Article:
Inventory turnover is a way of measuring how many times a business sells its stock of inventory in a given time period. Businesses use inventory turnover to assess competitiveness, project profits, and generally figure out how well they are doing in their industry. Unlike employee turnover, a high inventory turnover is generally seen as a good thing because this means that goods are sold relatively quickly before they have a chance to deteriorate. Generally, inventory turnover is calculated with the formula Turnover = Cost of Goods Sold (COGS)/Average Inventory.
Finding the Inventory Turnover Ratio
Choose a time period for your calculation. Inventory turnover is always calculated over a specific period of time — this can be anything from a single day to a fiscal year — even the entire lifespan of the business. However, inventory turnover can’t be an an instantaneous snapshot of a business’s performance. While it’s possible to define the value of a business’s inventory at any specific moment, cost of goods sold is meaningless as an instantaneous value, so a specific length of time must be chosen.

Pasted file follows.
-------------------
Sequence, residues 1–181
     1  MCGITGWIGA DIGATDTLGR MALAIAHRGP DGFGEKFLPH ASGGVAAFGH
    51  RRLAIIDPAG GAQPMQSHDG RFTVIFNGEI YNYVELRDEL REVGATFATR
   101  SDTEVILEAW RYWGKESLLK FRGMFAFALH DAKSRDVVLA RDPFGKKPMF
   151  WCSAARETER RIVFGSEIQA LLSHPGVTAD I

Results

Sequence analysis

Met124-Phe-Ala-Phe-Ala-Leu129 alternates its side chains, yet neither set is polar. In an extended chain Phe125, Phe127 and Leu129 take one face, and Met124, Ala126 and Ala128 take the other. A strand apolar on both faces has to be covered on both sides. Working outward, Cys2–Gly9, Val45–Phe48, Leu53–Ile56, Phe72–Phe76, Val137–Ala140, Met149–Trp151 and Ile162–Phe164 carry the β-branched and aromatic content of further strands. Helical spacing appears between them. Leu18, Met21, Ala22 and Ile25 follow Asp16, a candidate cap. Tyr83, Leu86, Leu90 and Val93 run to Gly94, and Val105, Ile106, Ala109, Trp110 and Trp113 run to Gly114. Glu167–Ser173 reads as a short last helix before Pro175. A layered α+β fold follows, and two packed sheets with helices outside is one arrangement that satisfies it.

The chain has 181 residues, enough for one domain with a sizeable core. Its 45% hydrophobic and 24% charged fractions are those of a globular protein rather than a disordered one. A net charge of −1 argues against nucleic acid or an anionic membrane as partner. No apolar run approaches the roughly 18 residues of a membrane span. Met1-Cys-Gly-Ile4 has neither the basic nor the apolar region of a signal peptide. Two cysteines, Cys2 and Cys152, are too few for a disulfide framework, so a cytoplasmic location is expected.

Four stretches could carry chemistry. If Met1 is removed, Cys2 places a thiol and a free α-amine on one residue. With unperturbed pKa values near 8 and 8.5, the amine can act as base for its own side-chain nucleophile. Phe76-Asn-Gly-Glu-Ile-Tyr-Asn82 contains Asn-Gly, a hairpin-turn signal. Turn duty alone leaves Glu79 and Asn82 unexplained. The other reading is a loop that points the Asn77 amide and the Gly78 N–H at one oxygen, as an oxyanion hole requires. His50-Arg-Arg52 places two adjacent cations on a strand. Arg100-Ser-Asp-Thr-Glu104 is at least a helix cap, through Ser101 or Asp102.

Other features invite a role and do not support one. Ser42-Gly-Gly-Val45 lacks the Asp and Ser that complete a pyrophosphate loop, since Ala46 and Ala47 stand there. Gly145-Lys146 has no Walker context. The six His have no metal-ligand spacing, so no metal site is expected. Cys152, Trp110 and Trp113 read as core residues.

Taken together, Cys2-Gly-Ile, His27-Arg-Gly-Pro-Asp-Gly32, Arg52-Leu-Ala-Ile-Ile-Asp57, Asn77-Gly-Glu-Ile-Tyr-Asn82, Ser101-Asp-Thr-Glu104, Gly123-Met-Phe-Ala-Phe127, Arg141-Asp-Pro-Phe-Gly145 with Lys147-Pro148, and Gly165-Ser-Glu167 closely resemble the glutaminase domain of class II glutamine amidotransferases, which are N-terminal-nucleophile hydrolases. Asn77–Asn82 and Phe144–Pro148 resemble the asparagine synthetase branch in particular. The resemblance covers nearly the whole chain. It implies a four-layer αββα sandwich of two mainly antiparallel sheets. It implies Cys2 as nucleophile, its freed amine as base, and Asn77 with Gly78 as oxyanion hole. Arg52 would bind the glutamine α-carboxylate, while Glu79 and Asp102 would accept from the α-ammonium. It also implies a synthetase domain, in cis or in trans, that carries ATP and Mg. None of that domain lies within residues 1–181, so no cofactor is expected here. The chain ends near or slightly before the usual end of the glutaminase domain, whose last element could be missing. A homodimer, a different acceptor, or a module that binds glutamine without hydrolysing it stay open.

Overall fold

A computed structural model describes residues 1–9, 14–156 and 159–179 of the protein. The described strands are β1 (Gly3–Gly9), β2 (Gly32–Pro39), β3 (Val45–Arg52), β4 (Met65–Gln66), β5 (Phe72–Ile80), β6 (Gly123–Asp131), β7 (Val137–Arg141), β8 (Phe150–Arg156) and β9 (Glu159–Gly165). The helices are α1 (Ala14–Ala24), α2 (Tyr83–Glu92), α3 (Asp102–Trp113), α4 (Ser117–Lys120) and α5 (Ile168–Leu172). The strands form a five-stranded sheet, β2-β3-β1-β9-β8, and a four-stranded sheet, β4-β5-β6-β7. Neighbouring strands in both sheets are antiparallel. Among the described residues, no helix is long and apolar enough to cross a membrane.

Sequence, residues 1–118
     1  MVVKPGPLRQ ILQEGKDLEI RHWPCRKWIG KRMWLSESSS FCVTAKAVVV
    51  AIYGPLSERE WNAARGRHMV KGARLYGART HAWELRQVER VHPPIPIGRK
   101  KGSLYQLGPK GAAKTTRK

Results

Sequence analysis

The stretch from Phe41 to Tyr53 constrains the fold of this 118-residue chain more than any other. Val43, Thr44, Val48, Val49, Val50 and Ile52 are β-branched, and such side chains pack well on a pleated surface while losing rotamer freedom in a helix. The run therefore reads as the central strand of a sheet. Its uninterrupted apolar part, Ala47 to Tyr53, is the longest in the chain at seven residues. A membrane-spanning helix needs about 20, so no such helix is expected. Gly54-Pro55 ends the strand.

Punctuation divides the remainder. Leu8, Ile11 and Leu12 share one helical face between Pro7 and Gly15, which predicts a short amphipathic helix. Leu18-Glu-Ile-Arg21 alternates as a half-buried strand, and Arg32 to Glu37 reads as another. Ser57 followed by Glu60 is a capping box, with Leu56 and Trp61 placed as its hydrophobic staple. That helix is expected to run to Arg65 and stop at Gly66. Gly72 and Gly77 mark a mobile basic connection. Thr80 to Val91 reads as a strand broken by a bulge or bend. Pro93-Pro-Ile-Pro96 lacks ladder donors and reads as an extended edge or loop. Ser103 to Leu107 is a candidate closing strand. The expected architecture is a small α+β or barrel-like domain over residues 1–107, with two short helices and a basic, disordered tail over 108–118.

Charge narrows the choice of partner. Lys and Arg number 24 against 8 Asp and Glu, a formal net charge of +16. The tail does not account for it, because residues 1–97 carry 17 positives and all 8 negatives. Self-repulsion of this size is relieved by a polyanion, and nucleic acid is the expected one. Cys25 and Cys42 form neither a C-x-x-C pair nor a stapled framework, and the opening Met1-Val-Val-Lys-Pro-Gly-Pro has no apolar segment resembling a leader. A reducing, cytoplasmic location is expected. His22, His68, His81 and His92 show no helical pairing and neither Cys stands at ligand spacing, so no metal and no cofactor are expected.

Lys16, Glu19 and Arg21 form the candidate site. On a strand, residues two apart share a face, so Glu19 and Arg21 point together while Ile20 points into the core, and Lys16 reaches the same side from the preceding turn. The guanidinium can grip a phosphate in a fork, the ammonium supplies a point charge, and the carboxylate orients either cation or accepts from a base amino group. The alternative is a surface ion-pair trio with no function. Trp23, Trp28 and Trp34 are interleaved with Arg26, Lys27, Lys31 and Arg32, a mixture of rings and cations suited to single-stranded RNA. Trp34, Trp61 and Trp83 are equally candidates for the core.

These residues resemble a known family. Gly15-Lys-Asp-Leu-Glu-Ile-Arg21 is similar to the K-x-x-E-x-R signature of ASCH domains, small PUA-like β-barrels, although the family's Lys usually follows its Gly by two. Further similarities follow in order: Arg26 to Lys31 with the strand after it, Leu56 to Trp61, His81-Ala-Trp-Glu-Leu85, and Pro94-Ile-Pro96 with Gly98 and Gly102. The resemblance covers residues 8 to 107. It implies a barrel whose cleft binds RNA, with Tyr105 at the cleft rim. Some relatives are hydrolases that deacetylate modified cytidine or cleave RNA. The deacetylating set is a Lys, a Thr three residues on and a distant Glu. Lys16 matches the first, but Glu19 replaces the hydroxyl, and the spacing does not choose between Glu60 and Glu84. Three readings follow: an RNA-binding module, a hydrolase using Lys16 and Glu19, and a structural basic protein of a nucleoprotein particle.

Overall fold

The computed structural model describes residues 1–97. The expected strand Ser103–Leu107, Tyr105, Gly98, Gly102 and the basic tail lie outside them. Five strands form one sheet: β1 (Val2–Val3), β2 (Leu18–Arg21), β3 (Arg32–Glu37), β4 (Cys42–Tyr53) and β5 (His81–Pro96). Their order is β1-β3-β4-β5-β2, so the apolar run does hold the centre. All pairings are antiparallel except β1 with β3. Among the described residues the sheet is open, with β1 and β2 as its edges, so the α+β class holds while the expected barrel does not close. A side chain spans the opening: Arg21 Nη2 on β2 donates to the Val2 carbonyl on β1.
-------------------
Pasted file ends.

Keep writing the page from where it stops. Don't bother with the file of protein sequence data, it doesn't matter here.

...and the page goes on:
Let’s follow along with an example problem as we proceed through this section. Say that we own a coffee wholesaler company. For our example problem, let’s choose a time span of one year of this coffee company’s operation. In the next few steps, we’ll find the inventory turnover for this one-year period.
Find your cost of goods sold for the time period. After defining a time period, your first step is to find your cost of goods sold (or “COGS”) during this period. COGS represents the direct cost of creating your goods. Usually, this means the manufacturing cost of your goods plus any labor costs directly related to manufacturing them.
COGS doesn’t include costs like shipping and distribution that aren’t directly related to the creation of the goods.
In our example, let’s say that we had a high-yield year for coffee, having spent $3 million on seeds, pesticides, and other expenses related to growing coffee beans and $2 million on labor costs from cultivating the seeds. In this case, we could say our COGS is $3 million + $2 million = $5 million.